Having tenants who don’t pay rent on time is a fiscal liability for you as a landlord. Use this guide to prevent non-payment and understand what steps to take in the case of non-payment of rent.
As a landlord, the biggest headache you can experience is not being paid for rent by your tenants. The process to evict or force the tenant to pay can be long, and takes money out of your pocket. It’s important to work in advance to protect yourself in the event of non-payment of rent.
Each state has its own set of landlord rights, so find out what you’re entitled to in your state before even renting your property. There is a different time period you must allow a non-paying tenant to pay before being evicted, and every day without payment costs you money.
The first and most important step in being a protected landlord is to prepare a solid lease agreement. In it, you should specify when rent is due, and what consequences there are for paying late or after a certain date. Include details on eviction and the process.
Landlords who require background checks tend to see fewer non-payment tenants, so include in the agreement a request for background check. This can help you see if a potential renter has a history of paying rent late, and whether there are any evictions on his file. Choose your renter based on a solid history of paying rent on time.
Important! Always get everything in writing! A verbal agreement will not hold up in court, so even if it is a handwritten statement, ensure that everything is written down and signed for. This way, a non-paying tenant cannot say he was not aware of your eviction policy. Keep copies of all documents.
What to Do When Rent is Late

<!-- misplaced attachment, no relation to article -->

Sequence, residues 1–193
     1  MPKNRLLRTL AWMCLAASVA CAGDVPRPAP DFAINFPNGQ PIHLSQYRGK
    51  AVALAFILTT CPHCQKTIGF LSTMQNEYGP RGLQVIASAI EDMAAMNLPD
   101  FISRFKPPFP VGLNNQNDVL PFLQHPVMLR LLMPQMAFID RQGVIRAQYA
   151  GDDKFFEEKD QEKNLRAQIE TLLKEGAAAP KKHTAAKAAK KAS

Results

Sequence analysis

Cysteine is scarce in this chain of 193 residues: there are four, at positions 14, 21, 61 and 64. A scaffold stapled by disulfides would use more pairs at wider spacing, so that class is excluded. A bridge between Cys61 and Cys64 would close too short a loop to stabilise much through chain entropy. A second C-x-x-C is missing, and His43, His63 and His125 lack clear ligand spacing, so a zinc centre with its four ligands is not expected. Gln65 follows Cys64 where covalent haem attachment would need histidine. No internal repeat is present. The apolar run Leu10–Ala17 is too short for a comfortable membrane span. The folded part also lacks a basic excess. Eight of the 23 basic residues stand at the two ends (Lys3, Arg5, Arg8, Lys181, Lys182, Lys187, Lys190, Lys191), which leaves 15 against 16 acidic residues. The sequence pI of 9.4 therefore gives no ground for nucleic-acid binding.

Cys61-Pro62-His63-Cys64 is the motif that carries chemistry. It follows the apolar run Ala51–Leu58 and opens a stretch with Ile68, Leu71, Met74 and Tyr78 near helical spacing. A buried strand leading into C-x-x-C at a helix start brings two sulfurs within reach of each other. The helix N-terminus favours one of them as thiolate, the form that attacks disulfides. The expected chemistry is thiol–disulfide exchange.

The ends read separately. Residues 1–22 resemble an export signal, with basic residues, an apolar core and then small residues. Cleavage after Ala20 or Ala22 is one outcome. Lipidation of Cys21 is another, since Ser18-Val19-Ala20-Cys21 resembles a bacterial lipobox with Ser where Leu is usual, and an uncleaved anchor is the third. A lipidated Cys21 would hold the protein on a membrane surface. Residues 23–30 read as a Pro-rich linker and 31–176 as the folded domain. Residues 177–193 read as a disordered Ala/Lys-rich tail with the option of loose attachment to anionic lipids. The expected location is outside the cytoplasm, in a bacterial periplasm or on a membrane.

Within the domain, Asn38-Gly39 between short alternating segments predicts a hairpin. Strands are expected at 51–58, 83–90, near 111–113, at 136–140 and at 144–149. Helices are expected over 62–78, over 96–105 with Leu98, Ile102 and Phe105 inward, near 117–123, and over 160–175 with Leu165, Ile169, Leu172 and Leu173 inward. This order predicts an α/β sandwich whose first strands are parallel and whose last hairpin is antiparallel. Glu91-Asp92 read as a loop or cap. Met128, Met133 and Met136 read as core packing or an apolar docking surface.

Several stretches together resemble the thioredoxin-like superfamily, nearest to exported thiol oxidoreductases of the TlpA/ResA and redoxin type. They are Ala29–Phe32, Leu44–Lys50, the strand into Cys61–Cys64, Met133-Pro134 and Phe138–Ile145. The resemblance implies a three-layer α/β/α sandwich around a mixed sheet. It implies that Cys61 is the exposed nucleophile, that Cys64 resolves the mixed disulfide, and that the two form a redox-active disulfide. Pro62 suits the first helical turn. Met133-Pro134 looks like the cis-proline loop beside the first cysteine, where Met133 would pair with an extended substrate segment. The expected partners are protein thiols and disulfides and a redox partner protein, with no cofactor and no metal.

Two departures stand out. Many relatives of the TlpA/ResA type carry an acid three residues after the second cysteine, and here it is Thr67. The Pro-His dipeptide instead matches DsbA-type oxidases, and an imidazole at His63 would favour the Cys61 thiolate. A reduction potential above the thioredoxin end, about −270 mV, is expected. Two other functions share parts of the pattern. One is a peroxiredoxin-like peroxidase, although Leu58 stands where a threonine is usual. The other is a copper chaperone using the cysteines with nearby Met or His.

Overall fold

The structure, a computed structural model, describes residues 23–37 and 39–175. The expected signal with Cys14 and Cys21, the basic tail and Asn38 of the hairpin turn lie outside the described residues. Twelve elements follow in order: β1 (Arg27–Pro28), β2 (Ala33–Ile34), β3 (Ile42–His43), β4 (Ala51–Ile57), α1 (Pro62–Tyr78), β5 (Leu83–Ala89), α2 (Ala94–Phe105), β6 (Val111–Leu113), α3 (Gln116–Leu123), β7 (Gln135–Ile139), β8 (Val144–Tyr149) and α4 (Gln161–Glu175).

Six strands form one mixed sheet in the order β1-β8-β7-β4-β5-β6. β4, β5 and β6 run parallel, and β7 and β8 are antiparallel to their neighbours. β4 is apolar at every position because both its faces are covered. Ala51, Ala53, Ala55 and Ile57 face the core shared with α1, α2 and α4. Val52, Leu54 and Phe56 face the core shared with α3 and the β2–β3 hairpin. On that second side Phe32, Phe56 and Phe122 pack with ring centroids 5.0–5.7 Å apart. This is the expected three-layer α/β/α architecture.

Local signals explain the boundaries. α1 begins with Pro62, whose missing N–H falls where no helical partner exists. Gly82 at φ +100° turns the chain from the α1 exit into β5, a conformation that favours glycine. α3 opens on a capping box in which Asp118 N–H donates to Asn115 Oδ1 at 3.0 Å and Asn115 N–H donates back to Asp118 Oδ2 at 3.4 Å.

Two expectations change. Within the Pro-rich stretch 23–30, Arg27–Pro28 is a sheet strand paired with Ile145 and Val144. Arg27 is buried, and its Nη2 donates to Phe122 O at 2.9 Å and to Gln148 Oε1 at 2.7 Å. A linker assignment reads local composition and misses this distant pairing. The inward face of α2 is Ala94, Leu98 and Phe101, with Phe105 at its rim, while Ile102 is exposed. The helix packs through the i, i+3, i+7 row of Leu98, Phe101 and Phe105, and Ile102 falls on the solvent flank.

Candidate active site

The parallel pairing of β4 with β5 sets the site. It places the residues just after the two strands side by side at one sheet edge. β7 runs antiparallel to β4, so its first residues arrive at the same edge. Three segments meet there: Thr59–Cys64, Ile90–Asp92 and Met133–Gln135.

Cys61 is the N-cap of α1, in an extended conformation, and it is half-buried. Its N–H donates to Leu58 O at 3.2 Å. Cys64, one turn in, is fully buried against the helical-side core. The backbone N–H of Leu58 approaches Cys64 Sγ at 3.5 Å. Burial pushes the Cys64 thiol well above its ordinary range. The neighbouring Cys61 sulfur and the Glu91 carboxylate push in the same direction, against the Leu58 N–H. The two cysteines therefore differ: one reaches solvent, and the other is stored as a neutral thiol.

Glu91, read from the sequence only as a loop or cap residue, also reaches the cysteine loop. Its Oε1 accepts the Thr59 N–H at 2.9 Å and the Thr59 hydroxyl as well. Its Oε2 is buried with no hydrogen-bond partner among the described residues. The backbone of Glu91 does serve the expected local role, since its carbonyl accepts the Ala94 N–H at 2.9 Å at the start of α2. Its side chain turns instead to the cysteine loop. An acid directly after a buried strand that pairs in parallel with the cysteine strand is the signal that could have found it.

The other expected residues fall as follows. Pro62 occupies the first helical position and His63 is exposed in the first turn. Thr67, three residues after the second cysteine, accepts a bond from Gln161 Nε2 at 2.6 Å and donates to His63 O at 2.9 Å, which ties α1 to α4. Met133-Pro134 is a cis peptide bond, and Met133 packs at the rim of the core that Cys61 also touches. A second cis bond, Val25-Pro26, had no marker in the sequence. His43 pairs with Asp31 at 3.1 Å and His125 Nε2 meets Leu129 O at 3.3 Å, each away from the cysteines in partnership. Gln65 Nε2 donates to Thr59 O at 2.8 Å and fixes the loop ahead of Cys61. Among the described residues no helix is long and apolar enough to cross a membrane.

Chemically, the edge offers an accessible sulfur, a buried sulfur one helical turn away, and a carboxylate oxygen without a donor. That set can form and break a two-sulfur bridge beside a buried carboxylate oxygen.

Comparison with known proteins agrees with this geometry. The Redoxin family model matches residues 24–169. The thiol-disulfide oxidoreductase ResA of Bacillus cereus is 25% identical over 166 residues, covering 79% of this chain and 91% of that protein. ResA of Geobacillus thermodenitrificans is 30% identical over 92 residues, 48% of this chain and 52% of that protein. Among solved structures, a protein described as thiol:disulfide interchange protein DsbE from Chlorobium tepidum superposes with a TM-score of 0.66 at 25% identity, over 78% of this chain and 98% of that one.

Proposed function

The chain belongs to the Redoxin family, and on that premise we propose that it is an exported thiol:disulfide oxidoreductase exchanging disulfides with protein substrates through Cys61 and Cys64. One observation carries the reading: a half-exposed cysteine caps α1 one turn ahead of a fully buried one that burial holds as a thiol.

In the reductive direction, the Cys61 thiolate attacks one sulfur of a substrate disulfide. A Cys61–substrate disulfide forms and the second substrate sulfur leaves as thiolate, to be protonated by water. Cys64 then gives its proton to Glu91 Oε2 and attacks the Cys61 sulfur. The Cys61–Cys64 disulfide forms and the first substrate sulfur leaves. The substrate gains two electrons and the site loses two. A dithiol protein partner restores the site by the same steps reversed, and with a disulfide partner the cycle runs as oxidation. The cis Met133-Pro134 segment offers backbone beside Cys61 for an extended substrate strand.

If rent has not been paid by the date set forth in the lease agreement, send your renter a rent collection reminder. In it, you can specify the absolute latest date rent can be paid before an eviction notice is filed. The renter can move out before the notice is filed (which is sometimes easier for you than having to take it to court).
If you speak to the renter about the late rent, only speak to the tenant who signed the lease. It is illegal to discuss nonpayment with other family members or employers. Make sure to follow this process to a T to avoid any legal implications on your part in this situation.
If you’re lucky, your tenant will simply pay rent at this point. Moving can be costly and annoying, so paying rent to avoid eviction should be his first choice.
Moving to Eviction
Depending on what paperwork your state requires, you’ll need to take it to the Clerk of the Court’s office in your city. Once the eviction notice is given to both the tenant and the court, the tenant has a specified period of time to move out. If the tenant refuses to leave, you can contact the Sheriff to assist in physically removing him and his items from the premises.
You may be required to appear in court on the eviction notice. If the tenant wishes to fight the eviction, he will do so here. It is important that you have documented everything in the process, including copies of the notices and letters you’ve sent so that the tenant has no opportunity for recourse.
If the tenant is able financially, the judge will likely make him pay all or part of the rent owed to you, as well as any legal or court fees. If he doesn’t have the money or income to pay you over time, you may be left holding the bag. The good news is, once this non-paying tenant evacuates your rental, you can open it up for rent to another tenant as soon as possible.